woring mom


The current health crisis has already altered many facets of everyday life. Entertainment, transportation, and education are all accommodating the realities of the new normal. That is especially true for businesses and companies. The commercial sector is experiencing radical changes. Thanks to its resilience and digital technology, a new working paradigm has emerged.

As of June 2020, as many as 42 percent of working adults in the United States are using work-from-home arrangements. Although these set-ups will protect you and uphold social distancing protocols, they come with their own downsides. Namely, working from home can be a continual source of stress.

Sources of Stress Working from Home

As many as 83 percent of working Americans already experience work-related stress. Unless you’re looking forward to adrenal fatigue treatment, you’ll need to understand how working from home can be just as stressful as going to the office. Just because you’re working from, it doesn’t mean the sources of stress have disappeared, just that they’ve changed. Here are the most apparent causes of anxiety and stress when you’re working out of your home.

  • Lack of organization. Because you’re no longer in your office, you are essentially semiautonomous. Your distance from supervisors and coworkers could make it difficult to reach out to them, even with internet connectivity and messaging apps. The frustration of trying to reach coworkers and coordinate with teammates can drive your stress levels right up.
  • Too many distractions. Unlike the pristine and controlled environment of your office, your home can be chock-full of distractions. Your family can continuously barge in on you, neighbors could blast music, and pets can demand your attention. Your electronics, such as your phone and television, can also tempt you from focusing on your work.
  • Overwhelming responsibilities. When you’re working from home, your duties to your home and family don’t disappear. You could be suddenly needed to cook a meal, help with some chores, and other tasks. Juggling these responsibilities can be overwhelming and ramp up your stress.
  • Blurred boundaries. Without the mental framework provided by going to the office, you may have more problems maintaining your work-life balance. That can cause you to work too much and neglect your personal needs.

Managing Your Stress Efficiently

How do you deal with all this stress? You need to make your work-from-home arrangement for efficient and learn how to manage your stress. The following tips can help you create a less stressful environment.

Establish Your Own Space

The first thing you need to do is to establish a home office. Of course, this is much easier if you can set up an entire room with a door. However, if you don’t have the area for it, you need to create a designated nook. Make sure it’s comfortable and away from distracting areas such as noisy roads or your entertainment systems. Finally, discuss this space with your family or housemates. Make it clear that they aren’t to invade your workspace.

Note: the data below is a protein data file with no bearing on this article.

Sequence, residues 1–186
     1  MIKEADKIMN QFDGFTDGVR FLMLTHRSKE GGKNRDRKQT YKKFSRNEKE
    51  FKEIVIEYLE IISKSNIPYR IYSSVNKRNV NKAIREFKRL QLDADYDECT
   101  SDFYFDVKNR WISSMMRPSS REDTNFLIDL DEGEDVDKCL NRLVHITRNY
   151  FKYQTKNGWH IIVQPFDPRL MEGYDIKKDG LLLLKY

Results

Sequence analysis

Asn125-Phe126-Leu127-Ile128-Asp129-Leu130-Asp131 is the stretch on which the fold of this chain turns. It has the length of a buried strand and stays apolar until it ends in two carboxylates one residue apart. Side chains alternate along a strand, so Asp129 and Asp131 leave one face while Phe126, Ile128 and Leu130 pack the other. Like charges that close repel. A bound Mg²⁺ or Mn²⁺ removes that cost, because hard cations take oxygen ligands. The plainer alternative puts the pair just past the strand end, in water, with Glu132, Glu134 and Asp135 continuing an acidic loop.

Stick to a Schedule

Unless you have flexible working hours, treat your workday usually. If your shift starts at nine in the morning, make sure you’re ready to work by then. If you get an hour for lunch at noon, use it to eat or relax, not to do extra work. And if your shift ends, make sure you log out by then. Sticking to a regular schedule prevents you from feeling overwhelmed by your responsibilities at home and in your job. Focus on your job during work hours and don’t bring them outside their allotted time.

Decrease Distractions

Although it’s not ideal to have a supervisor breathing down your neck, their presence does tend to decrease the temptation to engage in distracting activities. At home, you have to police yourself, and the best way to do that is by physically removing distractions. If you have a home office, install thick drapes on the windows to lower noise from outside. Move out any potentially distracting devices such as your television or gaming system from the room. Finally, put your phone on silent or vibrate and mute notifications from social media.

Say “No”

Maintaining your work-life balance is the most important tool you have in decreasing work from home stress. Just like how establishing a home office, sticking to a schedule, and removing distractions keep your home life outside your work, they should also keep it inside these spaces. Resist the urge to work when your shift is over, especially if there’s no pressing need for it. If a supervisor asks you to do so, learn to say no unless they have compelling evidence. Say no to logging in too early for your shift and certainly say no to sacrificing your weekends for non-emergency work situations.

Your mental and emotional health are just as important as your physical well-being. Working from home may protect the latter, but without efficient management, it could jeopardize the latter two. These suggestions will help you ensure you’re happy and healthy with every aspect of your life.